A handheld Canon 5D camera was used throughout the production, and a number of exterior shots were taken without the public's prior knowledge. That included the powerful opening scene, when Lucy falls apart while cursing out one of the men in her life during a cell phone call.
"I had people running up to me... where I'm crying my eyes out in the park, asking me if I was OK. Literally saying, 'Are you OK?' And I would have to duck out of sight, end the take and tell them it was a movie," Sorvino said of the non-actors who were later asked to sign releases to be in the film. "But I appreciated their concern. ... It was nice to know New Yorkers care."
Saying she's a "New Yorker at heart," it's obviously tough for Sorvino to talk about moving with her family to the West Coast -- for the time being.
"Hopefully it's only a temporary farewell and not a permanent one," she said. "Basically, we're sort of streamlining and our kids are going to school in L.A. We have a full-time home in New York and a full-time home in L.A. and it just doesn't make sense because we really didn't get here enough last year to justify kind of keeping the full-time home here."
The business requires more time in Los Angeles now for Sorvino and her actor/husband Chris Backus, who's directing his first feature film, The Sessionist.
"We're committing to (the move) now because we have school-aged children and we can't just be as bicoastal as we used to be," said Sorvino, who's trying to balance a career with family and personal projects.
Sorvino remains deeply committed to her volunteer role as goodwill ambassador for the United Nations Office of Drugs and Crime to combat human trafficking. Except while making films such as The Grey Zone, she said she rarely has the chance to "express my intellectual side and my social activism side."
So for a deep thinker whose summa thesis on racial conflict in China won a Hoopes Prize, Sorvino welcomes the opportunity, even if it requires finding time when the kids are asleep or at school to write speeches or meet with trafficking survivors.
Sorvino's art and life will interact with her next film, scheduled for a September release. While Trade of Innocents, with Dermot Mulroney, deals with the Cambodian sex trade of children, Sorvino works to end a problem that also hits close to home.
Trying to influence lawmakers in this country to write legislation on the state level where it reaches the victims is important, she said, because trafficking of minors affects "our own sons and daughters and sisters and brothers."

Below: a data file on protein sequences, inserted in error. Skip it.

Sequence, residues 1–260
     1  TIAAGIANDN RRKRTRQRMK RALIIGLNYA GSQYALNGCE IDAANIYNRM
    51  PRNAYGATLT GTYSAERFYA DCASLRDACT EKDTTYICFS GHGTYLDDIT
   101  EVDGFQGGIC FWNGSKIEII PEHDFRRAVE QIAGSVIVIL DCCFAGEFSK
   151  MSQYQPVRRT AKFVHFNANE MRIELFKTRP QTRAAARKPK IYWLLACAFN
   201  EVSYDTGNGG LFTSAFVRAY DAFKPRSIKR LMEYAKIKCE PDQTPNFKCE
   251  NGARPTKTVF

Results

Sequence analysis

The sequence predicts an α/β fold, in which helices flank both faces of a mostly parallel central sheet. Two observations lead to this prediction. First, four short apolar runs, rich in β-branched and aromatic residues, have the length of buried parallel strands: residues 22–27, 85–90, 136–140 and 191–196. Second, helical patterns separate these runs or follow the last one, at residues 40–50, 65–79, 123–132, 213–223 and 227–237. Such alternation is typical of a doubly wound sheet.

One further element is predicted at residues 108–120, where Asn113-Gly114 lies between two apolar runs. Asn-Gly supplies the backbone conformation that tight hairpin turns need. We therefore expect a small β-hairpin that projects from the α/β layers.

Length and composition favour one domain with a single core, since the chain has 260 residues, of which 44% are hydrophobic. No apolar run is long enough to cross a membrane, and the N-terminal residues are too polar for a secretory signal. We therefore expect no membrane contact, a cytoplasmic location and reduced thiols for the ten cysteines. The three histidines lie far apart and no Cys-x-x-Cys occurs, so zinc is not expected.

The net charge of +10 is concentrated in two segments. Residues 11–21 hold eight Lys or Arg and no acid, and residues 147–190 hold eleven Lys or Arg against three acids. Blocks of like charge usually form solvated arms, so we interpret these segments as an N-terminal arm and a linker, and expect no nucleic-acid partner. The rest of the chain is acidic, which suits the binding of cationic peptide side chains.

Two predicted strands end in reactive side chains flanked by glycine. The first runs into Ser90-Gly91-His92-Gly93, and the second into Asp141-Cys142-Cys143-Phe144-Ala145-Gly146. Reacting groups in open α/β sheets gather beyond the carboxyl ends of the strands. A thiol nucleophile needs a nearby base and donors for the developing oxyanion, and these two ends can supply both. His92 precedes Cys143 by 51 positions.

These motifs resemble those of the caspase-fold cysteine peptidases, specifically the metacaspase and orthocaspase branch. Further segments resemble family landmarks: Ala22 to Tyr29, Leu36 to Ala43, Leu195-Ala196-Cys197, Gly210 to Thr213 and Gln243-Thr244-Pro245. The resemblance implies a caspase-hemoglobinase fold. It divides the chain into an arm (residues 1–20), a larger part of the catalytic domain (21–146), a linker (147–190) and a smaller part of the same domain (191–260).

Staying heavily involved in that role does limit her options in choosing other film projects. Especially since being "pregnant four times in like seven years" has "affected my acting career in one huge logistical way."
Sorvino recently made a run at prime-time TV as the star of Trooper, a Jerry Bruckheimer-produced pilot about a New York State police officer, and was disappointed that CBS didn't pick it up for the fall.
At least that might give her time to attend another High School Reunion.
"Hey, your mouth to Disney's ears," she said when asked about the chance of Romy and Michele teaming up again. "We've tried and, for some reason, it's not something that they want to approve at this moment, but (costar) Lisa (Kudrow) and I and Robin Schiff, the creator of the original script, are all down for it. So, while we can still walk and have our teeth and eyesight, we would love to do another one."
Sorvino believes there's a market for it, noting how fans reacted after seeing her and Kudrow posing in Post-it note dresses for "The Reunions Issue" in Entertainment Weekly last October.
"We had so much fun getting together on that," Sorvino said of Kudrow, her friend from Friends whose Web Therapy appears on Showtime. "Lisa just brings out this side in me that very few people have brought out in me except for my friends when I was in high school. Like she turns me into a clown, and I'm not usually the clown."
Maybe not, but she is a character. And expect this portrayal of a woman on the verge of a nervous breakdown in Union Square to make viewers living on the edge of their seats say:
"I love this Lucy."
See the official trailer for Union Square:
Union Square images courtesy of Required Viewing.